Far adventures to make park far out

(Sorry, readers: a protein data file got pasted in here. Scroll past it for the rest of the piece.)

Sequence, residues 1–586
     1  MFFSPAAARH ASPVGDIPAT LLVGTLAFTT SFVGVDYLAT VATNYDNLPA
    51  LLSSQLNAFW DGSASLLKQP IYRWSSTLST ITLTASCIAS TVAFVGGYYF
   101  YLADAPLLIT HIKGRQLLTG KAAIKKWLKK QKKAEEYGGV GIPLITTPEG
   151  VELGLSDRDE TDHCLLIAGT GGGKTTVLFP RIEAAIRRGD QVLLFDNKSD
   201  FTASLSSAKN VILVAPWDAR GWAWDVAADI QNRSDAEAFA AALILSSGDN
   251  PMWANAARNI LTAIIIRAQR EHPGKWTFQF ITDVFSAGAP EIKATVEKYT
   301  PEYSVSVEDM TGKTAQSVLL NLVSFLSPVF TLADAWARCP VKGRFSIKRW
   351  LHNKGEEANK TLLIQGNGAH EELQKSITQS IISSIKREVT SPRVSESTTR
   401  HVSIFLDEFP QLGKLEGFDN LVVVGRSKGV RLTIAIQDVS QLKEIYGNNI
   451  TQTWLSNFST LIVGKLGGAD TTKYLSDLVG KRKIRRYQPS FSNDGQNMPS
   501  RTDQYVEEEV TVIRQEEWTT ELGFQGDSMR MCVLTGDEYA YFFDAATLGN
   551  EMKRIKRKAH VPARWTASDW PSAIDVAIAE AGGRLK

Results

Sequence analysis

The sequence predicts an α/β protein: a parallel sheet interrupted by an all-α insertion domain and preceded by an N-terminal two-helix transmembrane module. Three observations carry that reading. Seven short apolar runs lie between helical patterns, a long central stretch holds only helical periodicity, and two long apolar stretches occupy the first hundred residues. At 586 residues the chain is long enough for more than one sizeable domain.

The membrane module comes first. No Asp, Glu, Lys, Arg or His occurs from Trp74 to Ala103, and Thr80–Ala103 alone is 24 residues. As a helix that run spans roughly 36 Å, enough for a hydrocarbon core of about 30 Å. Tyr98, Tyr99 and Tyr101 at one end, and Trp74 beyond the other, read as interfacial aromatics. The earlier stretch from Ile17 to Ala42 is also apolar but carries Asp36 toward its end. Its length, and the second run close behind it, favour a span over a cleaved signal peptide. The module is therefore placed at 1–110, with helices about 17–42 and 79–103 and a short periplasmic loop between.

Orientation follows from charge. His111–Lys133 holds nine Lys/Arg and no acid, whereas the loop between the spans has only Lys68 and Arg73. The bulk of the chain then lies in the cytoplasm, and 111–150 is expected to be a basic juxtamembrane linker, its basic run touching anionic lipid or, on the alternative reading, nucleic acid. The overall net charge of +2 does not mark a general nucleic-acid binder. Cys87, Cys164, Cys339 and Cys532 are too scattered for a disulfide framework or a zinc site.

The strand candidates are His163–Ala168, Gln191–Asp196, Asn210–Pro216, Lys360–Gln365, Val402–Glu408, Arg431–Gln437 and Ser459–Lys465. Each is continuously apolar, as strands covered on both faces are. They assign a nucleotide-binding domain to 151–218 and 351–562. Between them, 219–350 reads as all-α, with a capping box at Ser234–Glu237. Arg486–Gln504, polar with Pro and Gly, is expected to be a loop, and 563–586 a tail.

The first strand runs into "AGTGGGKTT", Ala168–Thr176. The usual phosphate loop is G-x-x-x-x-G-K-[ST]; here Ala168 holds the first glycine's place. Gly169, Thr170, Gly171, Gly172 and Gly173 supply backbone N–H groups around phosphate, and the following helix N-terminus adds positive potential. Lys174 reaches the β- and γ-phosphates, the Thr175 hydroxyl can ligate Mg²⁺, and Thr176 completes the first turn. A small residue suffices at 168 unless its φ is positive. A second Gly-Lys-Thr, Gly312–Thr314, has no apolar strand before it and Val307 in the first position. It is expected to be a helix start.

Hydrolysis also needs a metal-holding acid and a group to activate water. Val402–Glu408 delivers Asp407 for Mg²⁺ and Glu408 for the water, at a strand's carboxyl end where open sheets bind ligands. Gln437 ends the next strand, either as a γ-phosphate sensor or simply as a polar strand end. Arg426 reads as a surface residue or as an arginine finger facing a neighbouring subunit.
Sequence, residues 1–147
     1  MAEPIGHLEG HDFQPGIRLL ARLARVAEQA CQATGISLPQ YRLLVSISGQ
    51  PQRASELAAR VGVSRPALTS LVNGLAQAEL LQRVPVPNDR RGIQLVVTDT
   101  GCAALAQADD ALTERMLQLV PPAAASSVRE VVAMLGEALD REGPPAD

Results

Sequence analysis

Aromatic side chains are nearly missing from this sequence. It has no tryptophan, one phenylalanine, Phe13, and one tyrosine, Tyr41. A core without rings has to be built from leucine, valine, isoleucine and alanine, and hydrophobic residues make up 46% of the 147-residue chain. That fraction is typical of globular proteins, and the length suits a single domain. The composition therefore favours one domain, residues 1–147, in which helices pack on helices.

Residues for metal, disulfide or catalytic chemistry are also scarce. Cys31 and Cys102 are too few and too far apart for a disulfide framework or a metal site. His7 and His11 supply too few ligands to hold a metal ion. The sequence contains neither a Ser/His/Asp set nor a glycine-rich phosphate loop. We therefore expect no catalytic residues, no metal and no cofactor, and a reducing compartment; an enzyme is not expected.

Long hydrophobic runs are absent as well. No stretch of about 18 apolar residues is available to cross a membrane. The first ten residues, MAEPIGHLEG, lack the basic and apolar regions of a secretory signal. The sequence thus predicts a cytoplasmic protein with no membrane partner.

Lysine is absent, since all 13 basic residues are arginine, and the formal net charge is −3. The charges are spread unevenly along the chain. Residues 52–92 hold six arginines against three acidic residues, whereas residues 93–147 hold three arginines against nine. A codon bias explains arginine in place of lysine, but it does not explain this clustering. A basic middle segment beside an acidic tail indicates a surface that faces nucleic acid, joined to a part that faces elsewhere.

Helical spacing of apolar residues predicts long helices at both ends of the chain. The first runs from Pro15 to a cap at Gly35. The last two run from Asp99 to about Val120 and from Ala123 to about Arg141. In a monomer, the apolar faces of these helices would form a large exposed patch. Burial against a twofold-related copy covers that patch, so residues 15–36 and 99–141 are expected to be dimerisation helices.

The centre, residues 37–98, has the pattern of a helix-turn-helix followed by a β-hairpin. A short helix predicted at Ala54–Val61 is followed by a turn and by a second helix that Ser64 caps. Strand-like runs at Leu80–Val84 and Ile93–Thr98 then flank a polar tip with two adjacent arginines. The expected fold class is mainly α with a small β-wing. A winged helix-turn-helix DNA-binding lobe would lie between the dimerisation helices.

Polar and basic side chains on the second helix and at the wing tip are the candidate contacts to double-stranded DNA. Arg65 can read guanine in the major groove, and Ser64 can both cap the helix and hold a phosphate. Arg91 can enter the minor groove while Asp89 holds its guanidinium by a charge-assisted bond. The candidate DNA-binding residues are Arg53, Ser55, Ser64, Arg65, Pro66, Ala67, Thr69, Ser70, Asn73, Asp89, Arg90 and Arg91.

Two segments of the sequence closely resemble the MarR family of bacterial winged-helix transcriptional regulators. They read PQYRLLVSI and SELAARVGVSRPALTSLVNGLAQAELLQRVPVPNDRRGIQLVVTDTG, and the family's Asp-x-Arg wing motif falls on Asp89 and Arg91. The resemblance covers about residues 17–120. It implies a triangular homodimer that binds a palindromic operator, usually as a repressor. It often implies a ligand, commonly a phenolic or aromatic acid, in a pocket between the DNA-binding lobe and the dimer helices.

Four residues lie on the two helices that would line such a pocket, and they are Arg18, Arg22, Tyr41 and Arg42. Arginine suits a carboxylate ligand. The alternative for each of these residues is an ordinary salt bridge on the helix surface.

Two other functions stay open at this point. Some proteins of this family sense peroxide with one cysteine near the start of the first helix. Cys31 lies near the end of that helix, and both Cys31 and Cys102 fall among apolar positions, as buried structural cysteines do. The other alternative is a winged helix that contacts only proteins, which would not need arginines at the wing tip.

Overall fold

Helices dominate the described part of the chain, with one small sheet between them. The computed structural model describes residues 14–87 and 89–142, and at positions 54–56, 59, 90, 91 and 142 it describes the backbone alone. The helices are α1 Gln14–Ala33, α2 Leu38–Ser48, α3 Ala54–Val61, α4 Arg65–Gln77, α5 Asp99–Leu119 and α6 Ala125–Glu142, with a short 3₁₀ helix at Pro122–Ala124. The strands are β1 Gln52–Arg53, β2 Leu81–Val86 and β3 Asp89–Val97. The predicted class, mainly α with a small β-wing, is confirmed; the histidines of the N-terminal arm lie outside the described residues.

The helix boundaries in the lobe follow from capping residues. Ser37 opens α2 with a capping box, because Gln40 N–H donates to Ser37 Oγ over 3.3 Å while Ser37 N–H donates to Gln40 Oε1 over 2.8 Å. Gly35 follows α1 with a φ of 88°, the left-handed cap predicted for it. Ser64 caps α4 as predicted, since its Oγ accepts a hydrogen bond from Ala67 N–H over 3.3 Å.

GLENWOOD SPRINGS – Steve Beckley is going out of his way to be sure he buys the right alpine coaster for the Glenwood Caverns Adventure Park – far out of his way. Beckley, who owns the park with his wife, Jeanne, is touring countries in eastern Europe to look at alpine slides and trying to figure out which slide would be the best for the park. “As we speak, Steve is either in Hungary, Slovenia or Austria checking out alpine slides,” Jeanne Beckley said on Wednesday. She said she most likely won’t know which slide they’ll buy until Steve gets back from his trip. The couple is also awaiting word on the funding for the park’s new attractions. “We’re still working on contracts and financing,” she said. Along with the alpine slide, the Beckleys are looking at installing a zipline, a giant swing and a climbing wall, all of which have received Garfield County approval.”The goal, if everything went well, is to have the contracts signed by early November, then start construction shortly after that,” she said.Four new tram cars could also be added this coming summer to accommodate more visitors and give them a shorter wait during the busy season. Sometime in the future, the couple also plans to install a 100-seat amphitheater for bird shows and other events. The coming attractions are part of the phased plan to bring more guests up to the park. In all, Garfield County Commission granted 17 requests earlier this year that include the aforementioned items, as well as a new snack bar, an Indian education center, a ropes course, a mini-golf course and expanded hours that would allow the park to stay open until 11:30 p.m. on weekdays and 12:30 a.m. on Friday and Saturday nights.The alpine coaster, which the Beckleys hope opens before the 2005 summer season, is similar to an alpine slide, but instead of racing down a slide on a wheeled sled, the cars would be permanently attached to the track, which is made of tubes. The rider would be buckled in, so there’s no danger of falling out and getting hurt, a problem sometimes associated with alpine slides. The coasters also will be equipped with an automatic braking system so the rider can just sit down and start coasting.According to the preliminary plans for the coaster, riders would get into a one-person car at the ride’s starting point behind the gift shop, coast down the side of the mountain, hit two switchbacks as they go, then glide down the rest of the track. Once the ride is over, they’d be pulled back up to the top mechanically. One of the other attractions, called a zip line, basically would consist of two towers and a cable with a three-person seat on which riders would slide down the cable above the trees. That ride would also bring the riders back up as they overlook the Colorado and Roaring Fork River valleys. Other amenities included in the master plan are a ropes challenge course and a climbing wall. The county approved the amphitheater, which would host science and falconry shows, as well as concerts. It would be built just below the main entrance of the caverns above Exclamation Point (the geological feature, not the restaurant) with stadium seating and a stage that would be built just above the steep northern wall of Glenwood Canyon. “If we can get it all in place, we’ll be ready to rock,” Jeanne Beckley said.
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